Wednesday, May 12, 2010

Ignorance More Frequently Begets Confidence Than Does Knowledge*

There's an interesting study (PDF) about how difficulties in recognizing one's own incompetence lead to inflated self-assessments by Justin Kruger and David Dunning. This is known as the Dunning-Kruger effect. The paper is barely 16 pages in length.

Here are the essential conclusions:

1. Incompetent individuals tend to overestimate their own level of skill.
2. Incompetent individuals fail to recognize genuine skill in others.
3. Incompetent individuals fail to recognize the extremity of their inadequacy.
4. If they can be trained to substantially improve their own skill level, these individuals can recognize and acknowledge their own previous lack of skill.

From the study:

Perhaps more controversial is the third point, the one that is the focus of this article. We argue that when people are incompetent in the strategies they adopt to achieve success and satisfaction, they suffer a dual burden: Not only do they reach erroneous conclusions and make unfortunate choices, but their incompetence robs them of the ability to realize it.

...

In short, the same knowledge that underlies the ability to produce correct judgment is also the knowledge that underlies the ability to recognize correct judgment. To lack the former is to be deficient in the latter.


In a self-deprecating concluding paragraph the authors note:

In sum, we present this article as an exploration into why people tend to hold overly optimistic and miscalibrated views about themselves. We propose that those with limited knowledge in a domain suffer a dual burden: Not only do they reach mistaken conclusions and make regrettable errors, but their incompetence robs them of the ability to realize it. Although we feel we have done a competent job in making a strong case for this analysis, studying it empirically, and drawing out relevant implications, our thesis leaves us with one haunting worry that we cannot vanquish. That worry is that this article may contain faulty logic, methodological errors, or poor communication. Let us assure our readers that to the extent this article is imperfect, it is not a sin we have committed knowingly.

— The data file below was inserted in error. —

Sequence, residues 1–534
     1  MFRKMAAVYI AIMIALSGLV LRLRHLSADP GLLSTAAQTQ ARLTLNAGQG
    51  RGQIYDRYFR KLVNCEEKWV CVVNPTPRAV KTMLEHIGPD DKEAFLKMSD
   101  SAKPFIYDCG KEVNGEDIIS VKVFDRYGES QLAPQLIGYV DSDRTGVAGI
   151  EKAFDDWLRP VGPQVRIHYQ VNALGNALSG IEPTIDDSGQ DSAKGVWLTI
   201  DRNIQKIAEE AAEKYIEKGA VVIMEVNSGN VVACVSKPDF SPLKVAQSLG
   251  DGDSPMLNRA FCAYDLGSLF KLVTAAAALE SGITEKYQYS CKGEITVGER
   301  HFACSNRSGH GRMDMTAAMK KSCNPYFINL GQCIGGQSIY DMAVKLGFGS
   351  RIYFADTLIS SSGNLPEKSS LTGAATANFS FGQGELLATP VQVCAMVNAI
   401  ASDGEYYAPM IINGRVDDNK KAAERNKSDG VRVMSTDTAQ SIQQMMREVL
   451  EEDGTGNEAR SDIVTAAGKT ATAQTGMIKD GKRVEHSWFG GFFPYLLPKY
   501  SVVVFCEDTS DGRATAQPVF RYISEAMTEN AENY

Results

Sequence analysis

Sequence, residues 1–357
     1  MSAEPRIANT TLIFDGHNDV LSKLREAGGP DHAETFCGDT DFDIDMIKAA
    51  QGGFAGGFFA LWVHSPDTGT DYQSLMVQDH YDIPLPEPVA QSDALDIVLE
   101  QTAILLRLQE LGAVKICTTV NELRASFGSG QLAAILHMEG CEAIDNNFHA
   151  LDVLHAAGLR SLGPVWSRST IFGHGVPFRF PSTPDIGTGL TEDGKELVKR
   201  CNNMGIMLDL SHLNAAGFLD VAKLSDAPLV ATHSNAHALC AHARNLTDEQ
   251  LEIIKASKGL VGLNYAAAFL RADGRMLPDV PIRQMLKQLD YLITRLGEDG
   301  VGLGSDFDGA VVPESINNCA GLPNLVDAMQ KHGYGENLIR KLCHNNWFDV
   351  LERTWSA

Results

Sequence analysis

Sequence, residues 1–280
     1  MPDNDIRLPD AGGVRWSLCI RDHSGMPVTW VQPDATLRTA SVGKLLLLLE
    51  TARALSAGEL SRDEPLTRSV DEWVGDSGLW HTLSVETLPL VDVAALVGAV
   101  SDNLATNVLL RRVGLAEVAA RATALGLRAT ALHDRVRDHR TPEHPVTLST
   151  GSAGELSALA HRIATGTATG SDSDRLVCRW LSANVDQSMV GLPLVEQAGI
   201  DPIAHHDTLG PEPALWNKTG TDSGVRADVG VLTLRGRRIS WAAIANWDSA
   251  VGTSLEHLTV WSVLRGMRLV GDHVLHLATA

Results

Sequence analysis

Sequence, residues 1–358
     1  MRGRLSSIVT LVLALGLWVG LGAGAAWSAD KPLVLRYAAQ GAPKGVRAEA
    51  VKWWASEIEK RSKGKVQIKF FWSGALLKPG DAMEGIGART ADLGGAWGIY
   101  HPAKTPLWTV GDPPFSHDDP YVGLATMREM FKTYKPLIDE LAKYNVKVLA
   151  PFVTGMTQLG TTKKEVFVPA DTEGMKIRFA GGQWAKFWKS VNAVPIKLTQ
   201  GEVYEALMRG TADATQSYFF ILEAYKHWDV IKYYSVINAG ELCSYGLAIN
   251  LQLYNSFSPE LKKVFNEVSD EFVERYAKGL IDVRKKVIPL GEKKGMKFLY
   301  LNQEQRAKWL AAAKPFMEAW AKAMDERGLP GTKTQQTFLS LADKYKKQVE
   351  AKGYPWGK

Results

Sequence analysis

I see this all the time--even in me.

* Charles Darwin

2 comments:

Anonymous said...

We see this on American Idol in the audition shows at the beginning of the season. Lots of bad singers think they are great when they are not, and they can't accept that they are bad singers.

Hank said...

American Idol - what a great example.